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Torque Measurement on Rotating Shafts using Strain Gauge


Torque measurement is of great importance to the engineers, users, and manufacturers of test benches in various industries. It is a crucial parameter used to determine the condition and performance of most of the mechanical measuring systems such as pumps, rotational cutting equipment, gearbox shafts, vehicle axles, and electric motors. Furthermore, measuring torque also helps in reducing downtime, improving product quality, and maximising the energy efficiency of the test equipment.

For instance, in the automotive industry, the demand is to produce vehicles that offer lower fuel consumption, greater operating safety, longer-lasting reliability, and higher levels of comfort. The right test bench will ensure that the vehicles are properly calibrated and the measurement sit within the set regulations and are accurate. In this case, measuring torque of the rotating shaft of the test bench equipment helps in determining the mechanical power of the rotating system and the amount of torque it can withstand. Based on these torque readings, process engineers can speed up or slow down the process, shut down the equipment to avoid any failure or diagnose any potential breakdown in the equipment.

To measure torque by acquiring reliable data from moving objects, strain gauges are very popular due to their simple integration. In this article, we are going to discuss the method of measuring torque on a rotating shaft using strain gauges and the factors that impact the measurement.

How is Torque Measured?

A strain gauge converts torque into an electrical signal. The sensor is bonded to a rotating shaft that deforms when a torque is applied. Generally, four strain gauges are attached to the rotating shaft in the form of a Wheatstone bridge circuit. They are placed precisely at 45 degrees with the shaft axis with gauge 1 and 3 being diametrically opposite, as must gauge 2 and 4. When torque is applied to the shaft, the shaft gets twisted to the direction of rotation, thereby producing shear strain. This causes elongation in gauges 1 and 3 and compression in gauges 2 and 4. These changes in the strain gauges lead to an increase in the circuit resistance due to tensile strain generated by one pair of gauges and a decrease in the circuit resistance due to the compression strain generated by the other pair. This results in an unbalanced bridge, which produces an electrical output corresponding to the applied torque.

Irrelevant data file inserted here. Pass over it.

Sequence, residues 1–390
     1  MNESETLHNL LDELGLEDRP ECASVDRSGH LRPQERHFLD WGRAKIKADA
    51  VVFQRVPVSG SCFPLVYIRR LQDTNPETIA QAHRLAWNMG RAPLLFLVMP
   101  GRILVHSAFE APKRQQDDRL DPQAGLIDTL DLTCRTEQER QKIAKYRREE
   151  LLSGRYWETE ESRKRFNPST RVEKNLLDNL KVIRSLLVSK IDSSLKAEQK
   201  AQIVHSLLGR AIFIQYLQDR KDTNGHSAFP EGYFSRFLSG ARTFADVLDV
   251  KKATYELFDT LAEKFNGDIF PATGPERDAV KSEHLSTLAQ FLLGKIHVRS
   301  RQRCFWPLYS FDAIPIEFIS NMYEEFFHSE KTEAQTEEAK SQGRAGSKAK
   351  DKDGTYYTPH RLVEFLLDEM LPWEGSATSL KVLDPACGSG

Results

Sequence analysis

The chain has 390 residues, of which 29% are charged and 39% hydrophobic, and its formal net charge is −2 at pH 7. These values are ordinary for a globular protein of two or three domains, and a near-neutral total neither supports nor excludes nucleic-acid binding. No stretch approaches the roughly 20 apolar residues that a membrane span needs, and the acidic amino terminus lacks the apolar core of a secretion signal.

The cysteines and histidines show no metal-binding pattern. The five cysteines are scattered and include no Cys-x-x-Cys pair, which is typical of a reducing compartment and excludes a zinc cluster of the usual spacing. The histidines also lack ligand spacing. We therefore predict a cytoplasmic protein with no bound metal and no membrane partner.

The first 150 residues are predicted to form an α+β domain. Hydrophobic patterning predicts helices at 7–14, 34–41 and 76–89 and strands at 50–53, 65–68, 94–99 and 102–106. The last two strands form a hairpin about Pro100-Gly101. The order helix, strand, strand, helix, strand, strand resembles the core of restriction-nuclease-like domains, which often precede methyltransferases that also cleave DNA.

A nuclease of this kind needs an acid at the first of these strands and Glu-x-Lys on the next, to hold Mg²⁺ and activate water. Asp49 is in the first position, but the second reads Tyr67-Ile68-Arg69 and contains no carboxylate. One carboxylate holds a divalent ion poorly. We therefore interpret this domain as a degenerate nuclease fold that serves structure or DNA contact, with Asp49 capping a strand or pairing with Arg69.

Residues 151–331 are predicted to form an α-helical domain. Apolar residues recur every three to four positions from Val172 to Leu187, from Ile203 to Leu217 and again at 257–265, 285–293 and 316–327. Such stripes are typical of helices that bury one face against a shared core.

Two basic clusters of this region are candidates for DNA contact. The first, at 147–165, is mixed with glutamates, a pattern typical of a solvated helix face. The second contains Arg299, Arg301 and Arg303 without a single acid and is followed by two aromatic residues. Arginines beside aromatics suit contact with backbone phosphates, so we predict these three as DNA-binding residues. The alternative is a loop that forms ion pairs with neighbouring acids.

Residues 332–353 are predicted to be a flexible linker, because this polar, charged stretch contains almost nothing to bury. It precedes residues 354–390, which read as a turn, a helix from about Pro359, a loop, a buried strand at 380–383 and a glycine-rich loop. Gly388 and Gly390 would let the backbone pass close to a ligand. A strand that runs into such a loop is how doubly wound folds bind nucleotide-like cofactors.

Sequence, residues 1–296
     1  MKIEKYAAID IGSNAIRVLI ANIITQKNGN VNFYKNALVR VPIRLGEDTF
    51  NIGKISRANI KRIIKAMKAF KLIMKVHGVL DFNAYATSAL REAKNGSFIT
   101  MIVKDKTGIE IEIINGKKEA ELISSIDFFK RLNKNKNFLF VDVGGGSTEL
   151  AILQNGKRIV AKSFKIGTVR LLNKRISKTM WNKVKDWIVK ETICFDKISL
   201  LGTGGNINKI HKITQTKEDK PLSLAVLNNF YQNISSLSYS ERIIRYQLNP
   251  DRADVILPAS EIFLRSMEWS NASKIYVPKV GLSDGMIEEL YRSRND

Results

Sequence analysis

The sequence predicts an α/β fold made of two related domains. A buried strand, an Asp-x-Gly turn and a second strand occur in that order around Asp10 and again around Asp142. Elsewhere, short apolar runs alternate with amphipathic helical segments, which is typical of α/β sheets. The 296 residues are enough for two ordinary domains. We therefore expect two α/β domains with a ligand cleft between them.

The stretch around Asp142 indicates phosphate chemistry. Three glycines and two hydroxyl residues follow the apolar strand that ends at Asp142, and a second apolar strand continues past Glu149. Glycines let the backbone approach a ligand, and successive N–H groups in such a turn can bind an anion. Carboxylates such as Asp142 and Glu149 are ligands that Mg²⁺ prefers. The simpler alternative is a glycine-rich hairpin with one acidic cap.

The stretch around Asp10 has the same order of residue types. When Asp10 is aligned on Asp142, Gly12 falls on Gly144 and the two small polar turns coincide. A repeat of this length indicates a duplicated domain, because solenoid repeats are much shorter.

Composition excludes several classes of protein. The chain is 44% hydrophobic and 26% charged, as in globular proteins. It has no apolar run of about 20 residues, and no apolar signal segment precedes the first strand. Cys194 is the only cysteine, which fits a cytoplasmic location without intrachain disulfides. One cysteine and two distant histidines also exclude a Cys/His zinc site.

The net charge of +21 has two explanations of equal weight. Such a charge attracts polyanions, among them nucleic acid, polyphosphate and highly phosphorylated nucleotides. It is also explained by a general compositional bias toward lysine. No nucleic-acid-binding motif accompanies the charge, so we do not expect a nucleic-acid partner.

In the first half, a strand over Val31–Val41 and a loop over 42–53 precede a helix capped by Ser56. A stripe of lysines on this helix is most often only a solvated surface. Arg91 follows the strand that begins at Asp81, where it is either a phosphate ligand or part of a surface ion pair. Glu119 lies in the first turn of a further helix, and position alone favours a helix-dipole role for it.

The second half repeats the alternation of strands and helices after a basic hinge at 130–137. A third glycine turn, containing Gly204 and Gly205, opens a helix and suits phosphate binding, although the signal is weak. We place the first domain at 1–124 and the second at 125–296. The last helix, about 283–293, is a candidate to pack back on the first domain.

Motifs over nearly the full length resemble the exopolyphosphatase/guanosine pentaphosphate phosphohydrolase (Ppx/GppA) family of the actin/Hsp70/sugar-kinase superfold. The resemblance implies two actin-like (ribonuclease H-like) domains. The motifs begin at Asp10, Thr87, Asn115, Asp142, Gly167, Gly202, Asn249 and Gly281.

In the case of a rotating object, it is challenging to receive the signals from the attached strain gauges and to continuously power them, as compared to static objects. Hence, to transmit power or signal between the rotating strain gauge and the stationary signal receiver, slip rings are used. A slip ring consists of a series of conductive bands that are positioned around the rotating element of the assembly and a group of stationary brushes that contact the rings and transmit the sensor’s signals. This allows for a smooth transfer of electrical power and sensor signal from the strain gauges mounted on the shaft.

However, measuring torque on a rotating shaft using strain gauges is impactful only when the gauge is operated in a low-to-moderate rotating speed. Higher rotating speeds will severely degrade their performance. Also, in heavy-duty applications that deal with dust, dirt, extremes of temperatures, and vibration, the reliability and accuracy of torque output may get compromised. Excessive vibrations can cause wear due to the limited lives of brushes and the rings which eventually lead to premature failure. Similarly, high temperatures can have an impact on the electrical connections of slip rings and bushes and promote corrosion. 

Alternative Solutions

In order to overcome the shortcomings of slip rings of non-performance at high rotating speeds and susceptibility to wear, there are several non-contact measurement systems available. These systems are based on the principles of phase measurement, magnetism, and surface acoustic waves. They generally include pre-installed strain gauge, along with pre-installed slip ring to power the strain gauge bridge and receive signal from the rotating shaft. They are configured without drag parts or bearing, thereby eliminating the wear parts and increasing rotating speeds.

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